Key #1 Tangible vs. Intangible Products
Unlike your dental services, a new pair of shoes or a new shirt is a tangible product. When you’re shopping for clothes, you can hold them, compare them, touch them, and feel them. You can even try them on and walk around the store. Service products like dentistry are usually very intangible. You can’t play with your new filling or try out your new set of denture teeth before you buy them. Most of the time patients aren’t even given a chance to see their new $900 crown until it’s cemented in their mouth. This is an intangible service.
So, what can you do? Make it more tangible! Use intra-oral cameras, pictures, flipcharts, models and imaging, you can make your services more tangible and meaningful to your patients. People like to see, touch, and feel things -try this with your dental services. Make your dentistry more tangible by educating and involving patients in their treatment plans and case presentations. When patients understand why and what they’re buying, they’ll buy more of it. Most people don’t like to invest in things they don’t understand.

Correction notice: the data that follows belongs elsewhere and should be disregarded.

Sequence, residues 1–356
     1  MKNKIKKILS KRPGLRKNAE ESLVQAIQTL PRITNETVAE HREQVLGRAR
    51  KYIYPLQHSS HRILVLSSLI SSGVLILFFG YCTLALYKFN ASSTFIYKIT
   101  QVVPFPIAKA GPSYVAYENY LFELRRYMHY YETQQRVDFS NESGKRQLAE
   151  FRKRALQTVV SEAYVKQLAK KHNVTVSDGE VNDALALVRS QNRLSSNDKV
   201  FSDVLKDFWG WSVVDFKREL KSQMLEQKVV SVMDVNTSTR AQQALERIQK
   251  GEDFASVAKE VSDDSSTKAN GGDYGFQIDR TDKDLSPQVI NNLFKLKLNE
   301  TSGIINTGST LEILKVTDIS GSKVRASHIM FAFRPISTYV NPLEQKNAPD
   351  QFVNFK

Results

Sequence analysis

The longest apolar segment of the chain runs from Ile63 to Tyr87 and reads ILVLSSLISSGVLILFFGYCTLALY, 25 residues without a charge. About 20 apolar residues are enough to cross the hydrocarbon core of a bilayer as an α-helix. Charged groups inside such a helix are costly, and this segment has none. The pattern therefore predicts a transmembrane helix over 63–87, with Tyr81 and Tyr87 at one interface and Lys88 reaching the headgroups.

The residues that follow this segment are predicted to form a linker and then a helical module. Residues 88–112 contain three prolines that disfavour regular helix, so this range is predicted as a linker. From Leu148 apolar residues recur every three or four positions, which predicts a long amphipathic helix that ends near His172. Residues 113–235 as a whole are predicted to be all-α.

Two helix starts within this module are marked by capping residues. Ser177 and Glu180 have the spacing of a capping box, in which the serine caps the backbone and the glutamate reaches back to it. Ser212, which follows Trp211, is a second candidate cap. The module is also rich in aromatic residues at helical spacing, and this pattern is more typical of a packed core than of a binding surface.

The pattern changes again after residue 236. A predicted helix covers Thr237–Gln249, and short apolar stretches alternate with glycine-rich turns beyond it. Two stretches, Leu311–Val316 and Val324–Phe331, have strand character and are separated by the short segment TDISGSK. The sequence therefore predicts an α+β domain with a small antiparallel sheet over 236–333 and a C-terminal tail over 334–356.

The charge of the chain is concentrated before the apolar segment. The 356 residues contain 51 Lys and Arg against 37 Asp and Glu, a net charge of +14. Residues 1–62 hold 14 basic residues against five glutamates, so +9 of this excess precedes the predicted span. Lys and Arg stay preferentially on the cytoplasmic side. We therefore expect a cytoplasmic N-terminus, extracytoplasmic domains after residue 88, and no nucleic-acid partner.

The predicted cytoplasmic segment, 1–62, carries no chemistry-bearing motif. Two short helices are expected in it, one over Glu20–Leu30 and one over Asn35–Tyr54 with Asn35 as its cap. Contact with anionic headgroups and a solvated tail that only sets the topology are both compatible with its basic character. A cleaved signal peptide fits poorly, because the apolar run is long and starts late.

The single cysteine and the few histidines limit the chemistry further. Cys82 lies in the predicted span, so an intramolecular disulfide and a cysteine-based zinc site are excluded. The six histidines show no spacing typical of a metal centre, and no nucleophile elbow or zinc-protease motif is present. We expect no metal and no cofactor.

Key #2 Your Service
A majority of dentists miss the apex on this one. Dentists and staff often think of marketing as either selling or advertising. Dental practices will spend a lot time and money developing a new company brochure or web site, running an ad in the newspaper, writing a patient newsletter, changing their logo, or investing in the latest and greatest direct mail marketing piece, but they often forget to focus on the most important principal of service marketing –the service itself. Combined these are all very important parts of your practice.